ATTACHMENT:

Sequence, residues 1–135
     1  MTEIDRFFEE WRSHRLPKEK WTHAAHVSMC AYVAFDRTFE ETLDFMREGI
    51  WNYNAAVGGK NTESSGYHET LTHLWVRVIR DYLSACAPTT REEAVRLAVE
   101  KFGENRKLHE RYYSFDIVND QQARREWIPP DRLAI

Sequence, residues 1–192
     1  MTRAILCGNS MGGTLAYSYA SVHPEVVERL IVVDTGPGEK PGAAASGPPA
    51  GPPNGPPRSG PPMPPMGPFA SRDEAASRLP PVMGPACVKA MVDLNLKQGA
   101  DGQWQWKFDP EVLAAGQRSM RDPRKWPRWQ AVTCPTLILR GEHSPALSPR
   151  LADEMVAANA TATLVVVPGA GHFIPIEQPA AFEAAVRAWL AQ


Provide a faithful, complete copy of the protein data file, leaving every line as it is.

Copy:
Sequence, residues 1–135
     1  MTEIDRFFEE WRSHRLPKEK WTHAAHVSMC AYVAFDRTFE ETLDFMREGI
    51  WNYNAAVGGK NTESSGYHET LTHLWVRVIR DYLSACAPTT REEAVRLAVE
   101  KFGENRKLHE RYYSFDIVND QQARREWIPP DRLAI

Sequence, residues 1–192
     1  MTRAILCGNS MGGTLAYSYA SVHPEVVERL IVVDTGPGEK PGAAASGPPA
    51  GPPNGPPRSG PPMPPMGPFA SRDEAASRLP PVMGPACVKA MVDLNLKQGA
   101  DGQWQWKFDP EVLAAGQRSM RDPRKWPRWQ AVTCPTLILR GEHSPALSPR
   151  LADEMVAANA TATLVVVPGA GHFIPIEQPA AFEAAVRAWL AQ